If you’re trying to figure out how to go to college for free, we have some advice that might help you on your way.

We’ve covered a wide range of options from how to get free tuition through a grant to various service opportunities.

Take a look at these and other ways you might be able to score a free college education.

1. Grants and scholarships
Financial aid — the traditional way of eliminating college costs — is still available. To increase the odds of landing grants and scholarships, Doug Hewitt, co-author of “Free College Resource Book,” advises students to fill out the Free Application for Federal Student Aid, or FAFSA, and then focus on local prizes.

“There are more scholarships you’ll qualify for in your home state than nationally,” says Hewitt. “Look at local organizations and talk to your high school (guidance) counselor.”

And remember to start your search early. You won’t be the only person wondering how to go to college for free and scholarships can be limited to a first come, first served basis. You should also keep in mind that you don’t need to wait for your senior year to start hunting for scholarships. There are grants and awards available at all high school grade levels.

2. Give service to your country
The U.S. Coast Guard, Air Force, Military (West Point), Merchant Marine and Naval academies offer free college opportunities to students who serve after college, but cash is also available through ROTC programs closer to home.

Service requirements for ROTC programs vary, but all require students to complete military training on campus and commit to up to 12 years, depending on the branch of service. Students leave with training, a guaranteed job and opportunities for more free education.

AmeriCorps, a national service organization that offers education awards in exchange for community work, provides an award of up to $5,730 for each full year of service. Maximum years of service vary among AmeriCorps programs. Members also receive a living stipend while serving in the program.

3. Work for the school
Schools charge students tuition, but their employees often can get a free education. “This is a great option, especially for older students with job experience,” says Reyna Gobel, author of “CliffsNotes Graduation Debt.” “If you’re 18, you might not qualify for a job that provides (tuition) benefits.”

Schools typically provide benefits for full-time workers and sometimes require a certain level of experience, Gobel says. Future students can find out about their school’s policy by calling the admissions office.

4. Waive your costs
Some students can get a free pass based on academic performance or other factors.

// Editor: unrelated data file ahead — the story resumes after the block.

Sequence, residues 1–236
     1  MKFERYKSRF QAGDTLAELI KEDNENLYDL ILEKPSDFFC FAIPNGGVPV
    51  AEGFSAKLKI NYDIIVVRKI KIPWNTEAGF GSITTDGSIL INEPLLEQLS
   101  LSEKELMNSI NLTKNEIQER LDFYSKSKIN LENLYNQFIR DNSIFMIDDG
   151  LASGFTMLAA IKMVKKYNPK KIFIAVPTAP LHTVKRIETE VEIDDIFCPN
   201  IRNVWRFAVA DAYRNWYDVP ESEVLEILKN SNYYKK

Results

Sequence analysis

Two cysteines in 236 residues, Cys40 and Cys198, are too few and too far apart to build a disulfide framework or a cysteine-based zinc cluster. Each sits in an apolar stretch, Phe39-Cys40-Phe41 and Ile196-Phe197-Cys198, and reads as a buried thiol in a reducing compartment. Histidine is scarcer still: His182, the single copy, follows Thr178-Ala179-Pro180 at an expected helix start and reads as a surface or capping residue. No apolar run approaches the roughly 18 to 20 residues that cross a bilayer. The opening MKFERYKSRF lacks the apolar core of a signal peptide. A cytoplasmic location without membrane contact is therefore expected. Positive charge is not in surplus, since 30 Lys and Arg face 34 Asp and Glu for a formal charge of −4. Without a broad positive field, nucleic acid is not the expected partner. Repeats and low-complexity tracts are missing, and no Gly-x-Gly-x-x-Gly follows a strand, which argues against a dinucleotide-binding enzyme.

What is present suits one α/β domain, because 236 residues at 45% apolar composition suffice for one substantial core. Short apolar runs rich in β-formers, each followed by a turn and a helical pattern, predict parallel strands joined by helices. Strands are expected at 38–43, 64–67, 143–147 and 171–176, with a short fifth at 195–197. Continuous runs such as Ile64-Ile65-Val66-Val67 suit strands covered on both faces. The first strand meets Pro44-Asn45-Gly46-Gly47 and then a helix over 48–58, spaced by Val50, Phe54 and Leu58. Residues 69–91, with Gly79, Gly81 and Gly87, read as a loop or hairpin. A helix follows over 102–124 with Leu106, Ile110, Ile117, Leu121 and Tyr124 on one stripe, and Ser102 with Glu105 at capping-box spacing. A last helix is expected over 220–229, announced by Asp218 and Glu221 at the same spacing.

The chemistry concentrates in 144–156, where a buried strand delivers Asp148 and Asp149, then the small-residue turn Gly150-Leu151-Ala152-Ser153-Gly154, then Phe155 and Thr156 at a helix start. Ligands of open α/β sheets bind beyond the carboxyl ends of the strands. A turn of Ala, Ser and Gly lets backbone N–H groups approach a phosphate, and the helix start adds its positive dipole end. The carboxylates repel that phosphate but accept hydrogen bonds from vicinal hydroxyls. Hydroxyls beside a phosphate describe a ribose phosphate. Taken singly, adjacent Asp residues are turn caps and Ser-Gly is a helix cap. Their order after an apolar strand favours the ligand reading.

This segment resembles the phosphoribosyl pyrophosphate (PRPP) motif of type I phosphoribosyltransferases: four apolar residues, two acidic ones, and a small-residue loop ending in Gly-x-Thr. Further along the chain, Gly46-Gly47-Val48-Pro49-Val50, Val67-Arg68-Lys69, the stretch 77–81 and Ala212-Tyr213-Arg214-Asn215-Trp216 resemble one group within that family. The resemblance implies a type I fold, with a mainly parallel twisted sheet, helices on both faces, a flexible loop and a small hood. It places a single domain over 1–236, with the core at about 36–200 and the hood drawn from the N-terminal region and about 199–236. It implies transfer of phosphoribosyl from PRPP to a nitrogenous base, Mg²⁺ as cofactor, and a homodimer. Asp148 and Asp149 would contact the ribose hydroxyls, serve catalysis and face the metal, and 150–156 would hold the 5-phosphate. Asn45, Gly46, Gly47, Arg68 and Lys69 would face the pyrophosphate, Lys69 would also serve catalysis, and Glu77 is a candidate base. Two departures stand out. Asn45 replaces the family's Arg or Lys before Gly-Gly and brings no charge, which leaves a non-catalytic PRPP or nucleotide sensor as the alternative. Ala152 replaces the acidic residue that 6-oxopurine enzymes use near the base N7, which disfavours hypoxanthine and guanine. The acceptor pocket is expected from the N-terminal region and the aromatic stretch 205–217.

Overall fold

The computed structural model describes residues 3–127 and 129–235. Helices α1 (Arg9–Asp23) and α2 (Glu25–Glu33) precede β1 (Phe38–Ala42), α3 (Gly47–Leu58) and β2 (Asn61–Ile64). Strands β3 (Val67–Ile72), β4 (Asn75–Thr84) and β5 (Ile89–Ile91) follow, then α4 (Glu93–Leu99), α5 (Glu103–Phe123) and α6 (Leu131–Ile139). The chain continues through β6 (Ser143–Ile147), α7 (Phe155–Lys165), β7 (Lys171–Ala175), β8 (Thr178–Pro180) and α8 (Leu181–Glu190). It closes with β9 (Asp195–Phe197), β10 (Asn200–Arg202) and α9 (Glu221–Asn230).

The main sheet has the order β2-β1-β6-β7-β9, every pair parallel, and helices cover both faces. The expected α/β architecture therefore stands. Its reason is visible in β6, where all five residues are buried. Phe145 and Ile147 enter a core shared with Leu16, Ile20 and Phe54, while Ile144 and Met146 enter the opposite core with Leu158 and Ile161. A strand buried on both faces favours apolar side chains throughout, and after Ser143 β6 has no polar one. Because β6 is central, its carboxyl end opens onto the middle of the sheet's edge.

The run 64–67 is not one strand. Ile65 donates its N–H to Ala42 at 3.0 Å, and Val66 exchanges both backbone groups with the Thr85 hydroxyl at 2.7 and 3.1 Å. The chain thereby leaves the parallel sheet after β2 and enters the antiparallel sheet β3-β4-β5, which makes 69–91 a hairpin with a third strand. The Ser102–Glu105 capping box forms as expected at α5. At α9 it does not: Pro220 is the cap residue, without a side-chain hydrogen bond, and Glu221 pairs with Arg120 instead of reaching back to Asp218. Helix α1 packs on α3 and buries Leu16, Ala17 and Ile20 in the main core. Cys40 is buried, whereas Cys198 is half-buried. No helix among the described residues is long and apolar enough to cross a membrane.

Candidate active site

The North American Council on Adoptable Children in St. Paul, Minnesota, reports that Connecticut, Kentucky, Virginia, Maine, Massachusetts, Texas, Florida and Maryland offer waivers at certain public schools for adopted and foster care children.

Other schools offer waivers for Native American students, senior citizens and dislocated workers. To find out what your school offers, call the financial aid office.

5. Become an apprentice
An apprenticeship is another solid option when you’re determining how to get free tuition. They can also open you up to job opportunities post-college.

Overall, your average apprenticeship program will take 1-6 years. You will probably be required to put in that time along with at least 2,000 hours of field work annually. The good news is that there are apprenticeships in more than 1,000 occupations, which can give you more options.

In exchange, the sponsoring employer pays for college or technical training and provides a salary. A list of available programs is available at the ApprenticeshipUSA website.

6. Have your employer pick up the costs
Another way you might receive a free college education is through your employer. Often given in the form of an employee reimbursement, there are plenty of employers that can help curb the cost of higher education.



7. Be in demand
Another great way to find out how to go to college for free is to determine if your field of study is “high-needs.” Will your studies result in a career that’s high in demand? Ask yourself this before you even enroll if you’re trying to cut the cost of college.

Generally, schools will offer incentives to anyone focusing their studies on math, science, nursing, teaching, and social work. There are also additional opportunities available through organizations like Teach for America, the Nurse Corps Loan Repayment Program and the National Institutes of Health.

The nursing program at the University of Portland in Oregon has offered scholarships covering approximately 80% of the final 2 years of undergraduate study, if students sign a 3-year employment contract with the local health system, Fabriquer says. “There are similar programs in (high-needs) fields across the country,” he adds.

8. Choose a school that pays you
Last on our list of ways on how to get free tuition, and probably the riskiest. There are, indeed, schools that will pay you to focus your studies in a single subject (which they dictate). Schools such as the Webb Institute and the Curtis Institute of Music offer a select range of academic programs and pick up the tuition cost for every student. Just think long and hard about your decision before you commit to this course.